Distance thresholds can be set to produce a cluster structure with a few big general clusters, or many small specific clusters. Embeddings behave differently with different thresholds; similar to how some maps of the world may be at different scales and require different calculations to measure relative distance.
To compare GPT-3’s embeddings to Sentence Transformer’s own Roberta model, we use an “adjusted rand” metric. This is another algorithm that is able to judge the similarities and differences between arrangements of information.
The machine-built clusters are compared to the human-built clusters, and the result is a fractional number like 0.56. The higher the number, the more accurately the machine-built clusters imitate the human gold standard. To make the comparison fair, we test Roberta and GPT-3 at 10,000 different distance thresholds, to make sure we see the best of both.
Automated metrics like fractional rand are essential when running thousands of sequential tests. The best rand values consistently predict the best clusters (100% predictive in our case), but the rand values cannot perfectly capture the relative severity of mistakes made by the models. As you’ll see, the difference in quality might actually be understated by the difference in rand scores.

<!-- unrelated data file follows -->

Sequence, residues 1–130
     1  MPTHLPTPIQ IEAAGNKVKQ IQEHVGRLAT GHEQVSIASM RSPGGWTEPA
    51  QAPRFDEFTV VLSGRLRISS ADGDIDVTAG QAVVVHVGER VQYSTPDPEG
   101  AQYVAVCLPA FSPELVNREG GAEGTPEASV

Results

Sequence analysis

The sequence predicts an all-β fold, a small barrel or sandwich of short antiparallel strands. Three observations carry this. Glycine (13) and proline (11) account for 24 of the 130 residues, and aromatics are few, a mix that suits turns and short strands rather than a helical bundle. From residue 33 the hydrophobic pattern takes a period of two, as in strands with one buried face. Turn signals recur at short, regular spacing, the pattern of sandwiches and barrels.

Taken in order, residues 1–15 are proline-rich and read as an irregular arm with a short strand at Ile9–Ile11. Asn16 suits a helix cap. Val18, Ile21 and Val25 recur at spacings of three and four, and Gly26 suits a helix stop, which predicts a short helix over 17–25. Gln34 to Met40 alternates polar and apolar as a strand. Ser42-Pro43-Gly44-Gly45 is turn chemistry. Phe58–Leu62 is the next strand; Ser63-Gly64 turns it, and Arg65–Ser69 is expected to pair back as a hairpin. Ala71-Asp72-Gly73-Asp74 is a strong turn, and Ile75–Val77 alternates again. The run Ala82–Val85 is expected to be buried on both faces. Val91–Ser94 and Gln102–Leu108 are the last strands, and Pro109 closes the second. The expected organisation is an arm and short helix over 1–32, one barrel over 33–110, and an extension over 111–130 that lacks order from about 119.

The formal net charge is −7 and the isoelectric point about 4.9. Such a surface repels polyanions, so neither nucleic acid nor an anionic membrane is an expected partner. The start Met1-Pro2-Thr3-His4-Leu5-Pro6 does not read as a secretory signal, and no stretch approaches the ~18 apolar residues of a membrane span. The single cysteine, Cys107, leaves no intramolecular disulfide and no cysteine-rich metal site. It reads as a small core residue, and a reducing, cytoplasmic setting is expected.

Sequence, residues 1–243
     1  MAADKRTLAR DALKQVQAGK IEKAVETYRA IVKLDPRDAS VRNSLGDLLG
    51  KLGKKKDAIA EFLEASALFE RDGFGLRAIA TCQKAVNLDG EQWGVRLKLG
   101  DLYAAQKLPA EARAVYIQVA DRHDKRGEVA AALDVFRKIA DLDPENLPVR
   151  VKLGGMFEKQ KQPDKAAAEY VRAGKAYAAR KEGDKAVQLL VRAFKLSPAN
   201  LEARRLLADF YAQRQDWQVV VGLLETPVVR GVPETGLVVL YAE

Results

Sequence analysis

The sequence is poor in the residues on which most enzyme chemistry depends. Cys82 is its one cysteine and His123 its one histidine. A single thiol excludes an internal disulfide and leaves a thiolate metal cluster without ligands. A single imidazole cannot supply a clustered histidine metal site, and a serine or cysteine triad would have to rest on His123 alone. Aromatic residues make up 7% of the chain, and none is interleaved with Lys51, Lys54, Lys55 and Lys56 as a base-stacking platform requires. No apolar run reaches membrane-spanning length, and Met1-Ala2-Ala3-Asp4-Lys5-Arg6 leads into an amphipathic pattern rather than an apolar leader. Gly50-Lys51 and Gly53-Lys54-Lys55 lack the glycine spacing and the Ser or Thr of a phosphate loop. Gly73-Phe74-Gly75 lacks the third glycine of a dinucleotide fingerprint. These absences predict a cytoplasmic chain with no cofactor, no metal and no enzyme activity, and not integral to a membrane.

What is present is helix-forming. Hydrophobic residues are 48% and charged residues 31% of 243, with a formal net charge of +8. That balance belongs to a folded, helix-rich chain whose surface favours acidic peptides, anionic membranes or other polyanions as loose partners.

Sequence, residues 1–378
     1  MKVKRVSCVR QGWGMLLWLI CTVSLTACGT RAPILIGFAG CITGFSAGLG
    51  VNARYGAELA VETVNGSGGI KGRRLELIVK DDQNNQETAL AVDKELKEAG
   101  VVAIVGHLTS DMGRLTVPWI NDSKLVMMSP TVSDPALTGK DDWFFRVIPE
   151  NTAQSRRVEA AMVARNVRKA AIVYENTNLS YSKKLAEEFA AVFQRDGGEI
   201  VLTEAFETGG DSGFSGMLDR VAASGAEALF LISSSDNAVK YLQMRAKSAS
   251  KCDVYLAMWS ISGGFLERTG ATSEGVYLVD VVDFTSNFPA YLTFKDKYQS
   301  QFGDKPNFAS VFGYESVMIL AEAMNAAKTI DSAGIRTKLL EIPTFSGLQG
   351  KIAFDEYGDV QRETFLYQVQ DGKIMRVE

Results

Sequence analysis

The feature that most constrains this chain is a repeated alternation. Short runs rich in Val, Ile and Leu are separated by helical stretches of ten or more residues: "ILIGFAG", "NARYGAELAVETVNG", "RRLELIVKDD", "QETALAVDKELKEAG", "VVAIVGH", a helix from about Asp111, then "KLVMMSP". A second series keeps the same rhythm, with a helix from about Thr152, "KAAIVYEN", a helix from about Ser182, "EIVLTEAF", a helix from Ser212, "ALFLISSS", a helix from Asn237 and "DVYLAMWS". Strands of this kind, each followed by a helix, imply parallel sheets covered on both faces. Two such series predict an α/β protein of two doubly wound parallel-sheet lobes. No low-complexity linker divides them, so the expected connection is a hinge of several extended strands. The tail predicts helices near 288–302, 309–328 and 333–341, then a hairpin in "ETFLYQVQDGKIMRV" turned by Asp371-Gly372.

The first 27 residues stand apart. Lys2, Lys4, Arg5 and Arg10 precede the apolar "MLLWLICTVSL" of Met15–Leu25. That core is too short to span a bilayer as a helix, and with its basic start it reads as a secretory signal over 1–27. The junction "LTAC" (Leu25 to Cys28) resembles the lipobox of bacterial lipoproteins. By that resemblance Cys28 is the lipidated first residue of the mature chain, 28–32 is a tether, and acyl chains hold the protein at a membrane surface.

After 10,000 different attempts, Sentence Transformers Roberta’s best performance is a rand score of 0.8789. The resulting cluster structure looks like this:
You can see it successfully captures the largest structures, the first and second clusters. But it misclassified over 20% of the texts, mixing some negative texts in with what should be the positive cluster, and several positive texts in what should be the negative cluster.
This much mixing would undermine faith in the analysis of one of our report themes.
Now let's compare that performance to GPT-3.
After 10,000 runs, GPT-3’s best rand score is a 0.956. That's a seven point lead over Roberta. Let’s look at the clusters.
We can see that GPT-3 only makes a small handful of mistakes. The mistakes it does make are also more subtle than Roberta, no strongly negative, or strongly positive texts are in the wrong clusters.
The upshot of using GPT-3 is a structure of clusters that are more trustworthy, and a much better fit to the human interpretation of the data.
Good clustering is the foundation of Viable’s reports system. With clusters that make sense, our other GPT-3 models—our “analysts”—can look at the data in the clusters and synthesize the nascent trends and implications of the texts. If a cluster is jumbled, the AI analysts have no hope of arriving at reports that make sense.
Errors stack—this is the unavoidable reality of any complex technological system. To strengthen the performance of our AI, we’re driven to step beyond the cutting edge and bring massive models like GPT-3 to bear on the problem. We believe that greater complexity and high demands for truth necessitate risk and experimentation. For Viable, this justifies the cost of the GPT-3 API. GPT-3 is the first model to produce clusterable embeddings that come within reach of an expert human baseline.
If you’re interested in learning more about GPT-3’s embeddings you can read OpenAI's official blog post and accompanying paper at https://openai.com/blog/introducing-text-and-code-embeddings/